Now I want to add a little flavor to the video by showing a follow up conversation we had later that week. I drag the picture of the Discord conversation to the timeline (don’t need to edit pictures in the cutting room) and snap it to the end of the video. Since it’s a timeline, things happen in order from left to right. If I’d put the picture to the left of my clip it’d happen first. However, as that’s pretty out of context, I’d rather it happen at the end of my video so I snap it to the right of the video clip.
Note that if you want to change how long the image appears you CAN do that in the Cutting Room just as you would a clip, just make your in/out points larger or smaller accordingly.
Now I want to brand the video with the TAY Logo. To do this I drag the TAY logo not to the main track (V1) in the timeline, but actually above it to V2. Anything you place on V2 will happen concurrently with V1 and will be transparent. Meaning it’s a good track to put your title, watermark, or custom transition.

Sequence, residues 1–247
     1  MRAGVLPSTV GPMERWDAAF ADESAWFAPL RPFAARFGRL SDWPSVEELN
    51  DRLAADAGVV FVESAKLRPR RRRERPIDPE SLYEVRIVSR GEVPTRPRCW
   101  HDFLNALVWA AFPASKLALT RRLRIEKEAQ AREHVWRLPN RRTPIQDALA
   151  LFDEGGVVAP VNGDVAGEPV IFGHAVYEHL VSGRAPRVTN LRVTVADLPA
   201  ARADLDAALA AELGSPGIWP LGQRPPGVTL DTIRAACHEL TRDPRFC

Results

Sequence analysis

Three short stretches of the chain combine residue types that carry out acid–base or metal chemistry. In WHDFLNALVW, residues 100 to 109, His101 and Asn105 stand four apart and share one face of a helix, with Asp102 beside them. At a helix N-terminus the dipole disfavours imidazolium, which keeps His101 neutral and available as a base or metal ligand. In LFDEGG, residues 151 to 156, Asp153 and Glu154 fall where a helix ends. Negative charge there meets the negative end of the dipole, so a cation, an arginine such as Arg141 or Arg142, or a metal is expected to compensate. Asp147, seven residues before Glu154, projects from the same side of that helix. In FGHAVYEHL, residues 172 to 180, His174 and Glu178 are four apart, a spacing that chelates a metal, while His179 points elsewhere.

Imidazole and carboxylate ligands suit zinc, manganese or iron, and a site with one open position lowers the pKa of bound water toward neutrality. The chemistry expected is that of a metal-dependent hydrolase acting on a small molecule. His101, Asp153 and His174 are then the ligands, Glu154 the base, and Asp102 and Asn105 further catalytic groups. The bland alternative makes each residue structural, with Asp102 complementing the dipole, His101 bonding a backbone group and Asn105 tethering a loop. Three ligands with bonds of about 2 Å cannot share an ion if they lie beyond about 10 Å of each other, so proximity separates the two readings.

This placement results in something that looks like this:
The words were done using a title card (title -> new title card) and then dragging the title card to the timeline just as you would an image.
OK now that we’re all done with our editing it’s time to export the video.
Save your work and then go to File -> Export -> Media or hit Ctrl + M. This brings up a dialogue box with a ton of options that I have no idea what they mean at this time. Mine looks like this and seems to work ok!
If you want to change the location of the exported video click on the file name under Output Name.
Finally upload your video to YouTube by going to Youtube.com and clicking “upload” make sure to name it and fill in all the usual fields like game name.
Hopefully this has been helpful to some. I’m in no way an expert but using this I was able to create a very basic video with multiple clips from the same long video file. More qualified users will hopefully chime in in the comments with additional tips/tricks/corrections!
TAY YouTube is available for use by anyone who wants! Check it out here!